FUNCOPS, a Farmington Youth program, delivers a lot more than an afternoon of fishing

Denise Gordon

When Chris Montes is asked to describe the Farmington Youth Services program FUNCOPS, he mentions deep sea fishing, laser-tag, cookouts and go-karting, which he says “was phenomenal and gave me a big bruise.” Then Montes, Farmington Youth Services’ juvenile justice coordinator, quickly changes the conversation to what the program is really about: building connections.


“We get the police and the kids together to do fun things,” says Montes. “The police go without uniforms or guns, of course. The kids see the police as real people. After they fish or bowl together, their whole idea of what a cop is has changed, and that has a huge impact.”


FUNCOPS (which stands for Farmington Unionville Community Officers Provide Support) is a program designed to develop positive relations between police and at-risk town youth. It’s run by Farmington Youth Services and funded by the Farmington Community Chest, and it delivers numerous benefits to the community.


Building trust


“The goal is to build relations so middle and high school students see police as real people they can trust,” says Montes. “If they are involved in something inappropriate and the police enter the picture, instead of producing anxiety we’re trying to bring that down.”


Montes says the goal is to have kids think instead, “Hey, I know that guy and I can go to him when I need him. He’s on my side.”


“We’re trying to build that relationship and that perspective,” Montes says. “Often we’re not working with kids who are straight-A students. A lot of the time we’re working with kids who are referred to us by the police or by the schools for something. This program and the impact it’s making is significant.”


Reducing resistance and rebellion


Relationships result in less resistance. “Rules without relationships equal resistance and rebellion,” says Bob Marsh, Farmington Youth Services youth coordinator who runs FUNSCOPS with Montes. “It builds relationships between police and kids. That’s important in a community because if kids are going to see officers as real people and not as threats, they need to do real-people things with them.”


More understanding


The program affects not only the way our youth see police, but also how the police perceive kids.


“Cops can say, ‘I know this kid, we went fishing together.’ They can now hopefully understand kids are having their own stories of struggle,” Marsh says.


Montes shares a recent story: “During the pandemic, some of the kids built a fort along the river on town property. It’s illegal to do that without town permission. They weren’t getting into trouble. But someone complained. Cops came and dismantled the fort. They said: ‘I’m sorry, but we have to do this.’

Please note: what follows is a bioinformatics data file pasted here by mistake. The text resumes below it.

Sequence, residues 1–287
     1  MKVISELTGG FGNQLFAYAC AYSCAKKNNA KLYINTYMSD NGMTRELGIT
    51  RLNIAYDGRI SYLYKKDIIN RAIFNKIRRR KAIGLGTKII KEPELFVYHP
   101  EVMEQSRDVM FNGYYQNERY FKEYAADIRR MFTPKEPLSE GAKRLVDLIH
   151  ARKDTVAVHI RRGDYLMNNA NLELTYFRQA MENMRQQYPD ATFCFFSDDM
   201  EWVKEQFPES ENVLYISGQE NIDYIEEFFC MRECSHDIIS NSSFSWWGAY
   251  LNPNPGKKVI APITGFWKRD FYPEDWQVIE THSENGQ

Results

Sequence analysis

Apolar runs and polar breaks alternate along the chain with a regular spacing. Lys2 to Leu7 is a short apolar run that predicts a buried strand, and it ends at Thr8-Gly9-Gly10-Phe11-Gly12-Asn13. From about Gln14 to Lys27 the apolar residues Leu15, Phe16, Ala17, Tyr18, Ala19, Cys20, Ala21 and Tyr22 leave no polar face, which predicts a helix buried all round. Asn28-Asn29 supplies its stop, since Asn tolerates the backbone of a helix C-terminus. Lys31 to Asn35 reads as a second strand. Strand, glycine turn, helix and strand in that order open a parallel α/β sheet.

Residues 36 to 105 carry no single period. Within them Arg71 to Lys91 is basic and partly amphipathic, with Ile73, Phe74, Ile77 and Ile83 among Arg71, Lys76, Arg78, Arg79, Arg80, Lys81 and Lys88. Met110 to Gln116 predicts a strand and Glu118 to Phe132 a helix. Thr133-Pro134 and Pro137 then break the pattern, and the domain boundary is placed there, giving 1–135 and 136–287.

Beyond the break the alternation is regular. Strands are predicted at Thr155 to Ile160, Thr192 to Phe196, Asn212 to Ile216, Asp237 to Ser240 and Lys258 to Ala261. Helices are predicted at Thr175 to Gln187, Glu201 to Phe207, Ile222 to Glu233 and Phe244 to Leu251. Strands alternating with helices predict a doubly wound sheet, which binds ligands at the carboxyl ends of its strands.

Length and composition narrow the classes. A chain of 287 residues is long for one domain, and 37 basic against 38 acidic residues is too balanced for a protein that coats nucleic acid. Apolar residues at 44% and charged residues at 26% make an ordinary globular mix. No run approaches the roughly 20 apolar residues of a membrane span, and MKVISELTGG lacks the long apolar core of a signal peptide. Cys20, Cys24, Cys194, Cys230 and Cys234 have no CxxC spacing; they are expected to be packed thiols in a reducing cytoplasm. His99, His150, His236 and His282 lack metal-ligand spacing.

“No one got arrested or in trouble. In fact, one of the policemen said he would have done the same thing when he was a kid. ‘If you get some money together,’ one of the cops said, ‘I’ll get some cops to come and we’ll build a fort on private property for you.’


“The police officer had gotten to know the kids because of FUNCOPS, and this incident ended in a positive way because of it.”


Delivering happiness


Research suggests that experiences, more than possessions, make people happier and generate positive memories.


“As soon as we got back after going go-karting, we heard, ‘When are we going again?’” says Marsh.


There’s a diverse mix of participants. “Most are first involved in Farmington Youth Services. Some may be there because of truancy or being defiant at school. Others come through counseling referrals,” says Marsh. “But some just come because they heard it’s a lot of fun and they want to go fishing or to a baseball game. Often someone asks if they can bring their sister or brother and we say, ‘Come if you want to come! The activities are open to all youth in the community.’”


The group activities attracted around 30 participants before the pandemic, and Marsh and Montes are excited to bring the numbers up again.


“We’re grateful for the support of the Farmington Community Chest to make this program and its tremendous impact possible,” says Montes.


Montes, a psychologist and professor with 30-plus years of experience in counseling, believes it’s crucial that people get to know each other and converse on a human level.


“Imagine the world doing FUNCOPS,” Montes says. “Put people together, build relationships, get to know each other, so when one of them falls, the other picks them up.”


The Farmington Community Chest is proud to support FUNCOPS because it aligns with our organization’s mission to increase the safety and well-being of the Farmington-Unionville community.